One of the simplest ways for an employer to avoid some potentially headache-inducing legal action is to respect the rights of its current and former employees. Doing anything unethical or in violation of the rights of these people will practically assure you and your company of a lawsuit. Even though it may sound patronizing to hear that last sentence, ethical and employee rights violations happen all the time, so this lesson sadly needs to be repeated.
Look no further than a whistleblower lawsuit that involves the Georgia State Lottery. A former employee of the lottery was a high ranking official, and he was asked to present manipulated sales numbers for a presentation to the lottery's board. He informed his bosses that the numbers weren't right and he objected to this notion, but the presentation went ahead anyway.
Then, just a week later, he was fired from his job because "misleading information" was distributed to board members. The employee was understandably frustrated and filed a lawsuit because of the state lottery's "unethical and illegal" actions. At best, the state lottery was trying to shift blame for the presentation to this employee. At worst, the state lottery was trying to cover up their own failings.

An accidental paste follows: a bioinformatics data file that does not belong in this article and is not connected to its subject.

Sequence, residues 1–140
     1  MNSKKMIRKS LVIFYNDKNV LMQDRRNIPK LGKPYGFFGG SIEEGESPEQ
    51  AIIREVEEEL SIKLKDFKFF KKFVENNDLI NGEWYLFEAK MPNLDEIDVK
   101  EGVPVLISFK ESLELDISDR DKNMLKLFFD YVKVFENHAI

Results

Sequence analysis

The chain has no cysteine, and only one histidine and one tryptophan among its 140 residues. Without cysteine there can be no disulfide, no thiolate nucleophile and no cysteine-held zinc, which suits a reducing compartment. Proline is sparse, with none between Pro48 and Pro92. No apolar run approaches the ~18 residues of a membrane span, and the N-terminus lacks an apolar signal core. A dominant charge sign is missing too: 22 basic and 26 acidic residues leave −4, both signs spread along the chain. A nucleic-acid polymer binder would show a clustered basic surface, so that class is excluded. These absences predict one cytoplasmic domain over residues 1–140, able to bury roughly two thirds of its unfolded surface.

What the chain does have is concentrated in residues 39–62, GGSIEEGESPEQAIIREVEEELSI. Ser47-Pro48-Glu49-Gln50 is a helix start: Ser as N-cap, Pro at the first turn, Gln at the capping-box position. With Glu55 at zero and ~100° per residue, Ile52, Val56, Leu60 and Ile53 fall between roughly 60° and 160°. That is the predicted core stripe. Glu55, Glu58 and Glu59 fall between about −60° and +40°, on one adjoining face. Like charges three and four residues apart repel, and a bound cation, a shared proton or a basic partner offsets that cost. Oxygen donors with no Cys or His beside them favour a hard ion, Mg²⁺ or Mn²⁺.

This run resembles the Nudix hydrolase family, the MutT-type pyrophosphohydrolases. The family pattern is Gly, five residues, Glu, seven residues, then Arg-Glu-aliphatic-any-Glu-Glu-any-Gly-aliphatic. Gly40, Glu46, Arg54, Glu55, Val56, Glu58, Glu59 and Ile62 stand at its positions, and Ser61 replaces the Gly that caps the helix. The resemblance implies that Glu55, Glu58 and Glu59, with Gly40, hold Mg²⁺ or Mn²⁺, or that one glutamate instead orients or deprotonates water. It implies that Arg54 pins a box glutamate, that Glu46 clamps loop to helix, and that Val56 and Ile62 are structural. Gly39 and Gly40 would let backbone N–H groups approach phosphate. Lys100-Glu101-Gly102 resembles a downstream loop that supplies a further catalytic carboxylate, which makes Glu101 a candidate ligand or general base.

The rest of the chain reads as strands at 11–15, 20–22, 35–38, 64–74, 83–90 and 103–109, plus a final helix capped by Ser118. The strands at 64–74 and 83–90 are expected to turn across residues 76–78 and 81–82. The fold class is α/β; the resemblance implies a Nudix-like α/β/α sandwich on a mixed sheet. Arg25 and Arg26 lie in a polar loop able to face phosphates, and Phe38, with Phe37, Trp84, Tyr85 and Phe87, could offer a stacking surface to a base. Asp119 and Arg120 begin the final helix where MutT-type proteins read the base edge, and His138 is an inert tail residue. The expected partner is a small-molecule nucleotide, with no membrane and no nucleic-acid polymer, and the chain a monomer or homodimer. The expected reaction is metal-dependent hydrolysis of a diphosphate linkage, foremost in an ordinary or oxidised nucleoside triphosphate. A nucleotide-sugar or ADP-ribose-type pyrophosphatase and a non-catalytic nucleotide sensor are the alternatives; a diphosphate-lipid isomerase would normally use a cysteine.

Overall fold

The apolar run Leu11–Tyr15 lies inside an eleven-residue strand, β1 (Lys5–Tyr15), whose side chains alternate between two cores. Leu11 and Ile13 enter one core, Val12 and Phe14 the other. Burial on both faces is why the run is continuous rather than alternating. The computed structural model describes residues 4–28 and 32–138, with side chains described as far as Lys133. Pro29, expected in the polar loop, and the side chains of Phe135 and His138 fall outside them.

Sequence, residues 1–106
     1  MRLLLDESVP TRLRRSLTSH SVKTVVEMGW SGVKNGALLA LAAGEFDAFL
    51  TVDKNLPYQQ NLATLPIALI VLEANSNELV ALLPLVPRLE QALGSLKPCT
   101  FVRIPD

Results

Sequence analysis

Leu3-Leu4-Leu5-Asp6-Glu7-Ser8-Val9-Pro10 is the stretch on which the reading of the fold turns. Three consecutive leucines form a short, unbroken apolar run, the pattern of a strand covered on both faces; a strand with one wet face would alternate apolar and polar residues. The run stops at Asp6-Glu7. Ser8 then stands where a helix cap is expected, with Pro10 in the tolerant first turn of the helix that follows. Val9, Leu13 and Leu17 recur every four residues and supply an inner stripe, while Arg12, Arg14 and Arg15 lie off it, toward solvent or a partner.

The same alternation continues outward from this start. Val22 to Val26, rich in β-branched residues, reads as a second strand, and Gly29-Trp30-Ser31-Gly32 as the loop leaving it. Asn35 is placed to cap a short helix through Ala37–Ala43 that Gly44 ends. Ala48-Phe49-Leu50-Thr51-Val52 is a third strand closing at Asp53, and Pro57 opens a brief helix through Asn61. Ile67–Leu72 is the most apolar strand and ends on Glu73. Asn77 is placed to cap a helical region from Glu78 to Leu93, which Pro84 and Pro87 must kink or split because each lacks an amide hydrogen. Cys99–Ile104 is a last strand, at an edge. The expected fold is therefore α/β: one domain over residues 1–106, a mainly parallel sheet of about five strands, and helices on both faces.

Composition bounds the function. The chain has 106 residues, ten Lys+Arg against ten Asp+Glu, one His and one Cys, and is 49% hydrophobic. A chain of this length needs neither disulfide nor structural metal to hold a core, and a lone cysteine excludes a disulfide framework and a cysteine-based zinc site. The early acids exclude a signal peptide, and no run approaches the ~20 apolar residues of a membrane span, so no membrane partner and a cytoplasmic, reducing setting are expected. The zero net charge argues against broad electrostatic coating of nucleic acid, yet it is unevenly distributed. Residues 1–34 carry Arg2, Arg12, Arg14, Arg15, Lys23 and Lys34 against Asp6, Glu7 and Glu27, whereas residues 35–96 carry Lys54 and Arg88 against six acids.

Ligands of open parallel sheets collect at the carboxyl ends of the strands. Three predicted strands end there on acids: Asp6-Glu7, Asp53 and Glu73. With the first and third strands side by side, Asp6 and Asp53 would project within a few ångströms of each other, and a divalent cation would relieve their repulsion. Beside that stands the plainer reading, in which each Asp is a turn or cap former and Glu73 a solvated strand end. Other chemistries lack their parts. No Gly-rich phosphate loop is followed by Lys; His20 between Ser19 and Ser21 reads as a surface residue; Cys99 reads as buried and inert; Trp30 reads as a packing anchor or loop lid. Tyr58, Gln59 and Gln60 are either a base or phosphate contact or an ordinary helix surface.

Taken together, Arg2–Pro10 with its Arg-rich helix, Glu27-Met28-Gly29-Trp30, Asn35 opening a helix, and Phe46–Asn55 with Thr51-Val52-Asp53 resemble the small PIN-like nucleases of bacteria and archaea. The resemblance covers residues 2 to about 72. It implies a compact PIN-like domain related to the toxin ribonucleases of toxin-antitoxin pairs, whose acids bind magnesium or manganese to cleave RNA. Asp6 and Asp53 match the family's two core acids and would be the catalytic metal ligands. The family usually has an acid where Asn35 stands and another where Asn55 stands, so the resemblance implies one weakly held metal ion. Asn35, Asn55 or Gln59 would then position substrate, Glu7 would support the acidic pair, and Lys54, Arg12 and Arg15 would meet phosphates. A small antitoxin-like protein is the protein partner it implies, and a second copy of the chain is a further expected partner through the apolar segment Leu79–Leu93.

The employee is not only suing the state lottery, but the president of the lottery specifically, Debbie Alford. She was one of the people that pressured him to present the flawed numbers, so the employee alleges.
Retaliatory acts towards employees and unethical behavior towards whistleblowers are legal nightmares for companies. So it is best to even avoid letting them happen in the first place. Respect your employees and uphold their rights to facilitate a happier -- and far less legally-murky -- work environment.
Source: Atlanta Journal Constitution, "Former top lottery official files whistleblower lawsuit," James Salzer, April 23, 2015